former Philippine president dies aged 61 – .

former Philippine president dies aged 61 – .

Popularly known as “Noynoy,” Aquino was the country’s 15th president, in office from 2010 to 2016 after the death of his mother, former president and democracy icon Corazon Aquino.

He died at the Capitol Medical Center near the capital Manila, the Philippine News Agency reported, adding that his family will issue a statement soon.

An economist by training, Aquino worked in the family sugar business before launching his political career in 1998. He served three terms as a member of Congress in the House of Representatives before becoming a senator in 2007.

He was the only son of popular democracy icons, Senator Benigno “Ninoy” Aquino and former President Corazon. His father, a senator opposed to the regime of dictator Ferdinand Marcos, was assassinated in 1983 upon his return from exile in the United States.

The murder shocked the nation and helped propel Marcos from office during the 1986 People Power Revolution, according to Reuters. In 1987, when her mother was president, rebels attacked her residence at Malacanang Palace in Manila and Aquino narrowly escaped death. Three of his escorts were killed and he was hit by five bullets, one of which is still embedded in his neck.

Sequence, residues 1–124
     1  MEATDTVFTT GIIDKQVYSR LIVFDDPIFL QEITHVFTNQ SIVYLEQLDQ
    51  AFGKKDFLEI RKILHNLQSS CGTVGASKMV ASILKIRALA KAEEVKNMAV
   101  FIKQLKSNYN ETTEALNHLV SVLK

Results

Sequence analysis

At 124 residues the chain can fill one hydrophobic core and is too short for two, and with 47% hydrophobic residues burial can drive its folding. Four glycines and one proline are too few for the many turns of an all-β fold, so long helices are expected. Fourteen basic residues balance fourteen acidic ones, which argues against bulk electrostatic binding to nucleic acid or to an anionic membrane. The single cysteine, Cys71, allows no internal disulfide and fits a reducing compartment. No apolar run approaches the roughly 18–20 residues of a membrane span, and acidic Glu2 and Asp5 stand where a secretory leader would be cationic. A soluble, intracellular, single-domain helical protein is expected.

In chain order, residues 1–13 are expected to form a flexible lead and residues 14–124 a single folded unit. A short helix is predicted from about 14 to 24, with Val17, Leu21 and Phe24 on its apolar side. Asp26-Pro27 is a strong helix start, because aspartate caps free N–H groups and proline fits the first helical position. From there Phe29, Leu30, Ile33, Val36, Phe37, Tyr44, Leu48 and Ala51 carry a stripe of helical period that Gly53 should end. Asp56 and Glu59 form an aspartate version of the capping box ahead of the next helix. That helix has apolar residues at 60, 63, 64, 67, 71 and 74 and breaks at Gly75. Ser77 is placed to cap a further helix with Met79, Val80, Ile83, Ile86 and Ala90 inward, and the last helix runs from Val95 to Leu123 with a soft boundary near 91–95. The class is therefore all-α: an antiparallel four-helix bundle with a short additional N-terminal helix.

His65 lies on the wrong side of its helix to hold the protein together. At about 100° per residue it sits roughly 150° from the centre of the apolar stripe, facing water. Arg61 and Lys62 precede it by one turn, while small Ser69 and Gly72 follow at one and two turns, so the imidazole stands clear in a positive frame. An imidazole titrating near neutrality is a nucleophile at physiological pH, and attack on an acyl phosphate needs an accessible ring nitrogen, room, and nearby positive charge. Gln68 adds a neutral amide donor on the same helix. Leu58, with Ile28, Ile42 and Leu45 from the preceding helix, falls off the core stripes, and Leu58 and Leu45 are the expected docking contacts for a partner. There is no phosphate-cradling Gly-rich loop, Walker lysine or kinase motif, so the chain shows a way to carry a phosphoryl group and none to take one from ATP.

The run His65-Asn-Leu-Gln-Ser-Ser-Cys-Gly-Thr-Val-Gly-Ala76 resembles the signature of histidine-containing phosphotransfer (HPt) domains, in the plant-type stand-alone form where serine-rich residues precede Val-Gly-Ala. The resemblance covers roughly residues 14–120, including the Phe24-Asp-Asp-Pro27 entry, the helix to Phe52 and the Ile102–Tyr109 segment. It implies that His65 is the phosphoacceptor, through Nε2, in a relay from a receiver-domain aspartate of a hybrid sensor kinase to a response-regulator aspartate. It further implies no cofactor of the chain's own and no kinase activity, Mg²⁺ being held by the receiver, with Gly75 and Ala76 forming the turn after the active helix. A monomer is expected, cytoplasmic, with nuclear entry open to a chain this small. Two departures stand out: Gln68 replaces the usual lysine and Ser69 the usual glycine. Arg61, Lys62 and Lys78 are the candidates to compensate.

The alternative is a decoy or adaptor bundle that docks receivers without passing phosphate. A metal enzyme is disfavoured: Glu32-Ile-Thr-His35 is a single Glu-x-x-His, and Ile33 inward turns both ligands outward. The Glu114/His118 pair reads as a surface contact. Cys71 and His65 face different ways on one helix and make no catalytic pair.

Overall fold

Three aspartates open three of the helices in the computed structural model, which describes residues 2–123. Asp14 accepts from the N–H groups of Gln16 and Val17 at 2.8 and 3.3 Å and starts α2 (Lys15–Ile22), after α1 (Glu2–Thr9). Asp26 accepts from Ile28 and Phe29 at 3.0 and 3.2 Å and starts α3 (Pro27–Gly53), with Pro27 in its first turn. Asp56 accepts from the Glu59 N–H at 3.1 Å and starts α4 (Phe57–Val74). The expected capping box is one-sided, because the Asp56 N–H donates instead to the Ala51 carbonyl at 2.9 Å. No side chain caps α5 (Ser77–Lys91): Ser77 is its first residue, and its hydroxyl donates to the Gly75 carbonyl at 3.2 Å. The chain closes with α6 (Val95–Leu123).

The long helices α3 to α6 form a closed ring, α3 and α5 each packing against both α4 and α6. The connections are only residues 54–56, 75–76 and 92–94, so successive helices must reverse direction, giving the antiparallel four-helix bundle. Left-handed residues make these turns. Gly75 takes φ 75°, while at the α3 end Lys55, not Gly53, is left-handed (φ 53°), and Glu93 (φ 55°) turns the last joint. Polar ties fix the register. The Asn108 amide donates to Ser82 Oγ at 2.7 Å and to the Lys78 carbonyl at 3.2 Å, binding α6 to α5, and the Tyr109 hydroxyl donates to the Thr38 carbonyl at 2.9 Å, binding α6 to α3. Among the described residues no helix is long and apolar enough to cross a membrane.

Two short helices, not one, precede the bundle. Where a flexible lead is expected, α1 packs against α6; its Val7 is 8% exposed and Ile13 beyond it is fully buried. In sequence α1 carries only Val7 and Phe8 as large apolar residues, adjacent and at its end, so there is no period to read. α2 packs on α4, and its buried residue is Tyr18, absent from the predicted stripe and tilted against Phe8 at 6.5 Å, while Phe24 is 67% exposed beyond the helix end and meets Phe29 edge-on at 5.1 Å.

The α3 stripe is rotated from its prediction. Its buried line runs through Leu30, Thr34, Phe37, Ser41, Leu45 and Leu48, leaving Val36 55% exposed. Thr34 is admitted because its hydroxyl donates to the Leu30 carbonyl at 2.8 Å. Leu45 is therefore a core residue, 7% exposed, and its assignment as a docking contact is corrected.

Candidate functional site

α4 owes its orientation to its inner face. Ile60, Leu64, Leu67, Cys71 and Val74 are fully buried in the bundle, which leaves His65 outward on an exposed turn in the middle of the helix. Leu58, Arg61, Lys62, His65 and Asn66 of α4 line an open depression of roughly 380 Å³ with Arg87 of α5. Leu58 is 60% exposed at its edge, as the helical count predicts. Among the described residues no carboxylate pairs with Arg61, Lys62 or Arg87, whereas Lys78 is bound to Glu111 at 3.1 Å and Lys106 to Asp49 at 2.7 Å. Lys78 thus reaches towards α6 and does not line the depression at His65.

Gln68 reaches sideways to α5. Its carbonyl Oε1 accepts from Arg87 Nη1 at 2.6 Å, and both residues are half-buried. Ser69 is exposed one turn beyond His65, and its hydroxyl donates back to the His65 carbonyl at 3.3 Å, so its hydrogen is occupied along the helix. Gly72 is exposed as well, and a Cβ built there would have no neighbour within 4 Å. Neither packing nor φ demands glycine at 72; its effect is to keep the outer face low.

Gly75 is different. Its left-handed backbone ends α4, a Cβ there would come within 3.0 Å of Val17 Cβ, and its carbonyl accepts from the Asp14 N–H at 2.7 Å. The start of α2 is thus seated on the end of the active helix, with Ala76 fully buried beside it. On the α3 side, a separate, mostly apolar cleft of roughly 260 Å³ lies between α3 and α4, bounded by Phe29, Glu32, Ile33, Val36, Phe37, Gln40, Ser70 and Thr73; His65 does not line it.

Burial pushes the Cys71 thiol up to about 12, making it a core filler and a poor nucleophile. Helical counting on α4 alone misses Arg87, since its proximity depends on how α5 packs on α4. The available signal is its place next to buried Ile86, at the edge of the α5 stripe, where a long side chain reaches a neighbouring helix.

Her mother, who died in August 2009, was president from 1986 to 1992.

A month after his death, Aquino announced his run for president, saying his mother’s supporters urged him to make an offer and continue his parents’ fight to promote democracy in the Philippines.

He won his election in 2010 by a landslide, persuading voters that he was morally fit for the job and would represent ordinary Filipinos.

His six-year tenure was marred by crises, most notably in 2015 when 44 police commandos were killed in a botched operation to capture a wanted Malaysian activist suspected of being behind the 2002 Bali bombings.

In November 2013, Typhoon Haiyan, one of the strongest typhoons on record, devastated central Philippines, killing more than 6,000 people and destroying towns and villages.

Despite some progress in the fight against corruption, his image as “Mr. Clean” was marred by scandals over the embezzlement of public funds by lawmakers that same year, according to Reuters.


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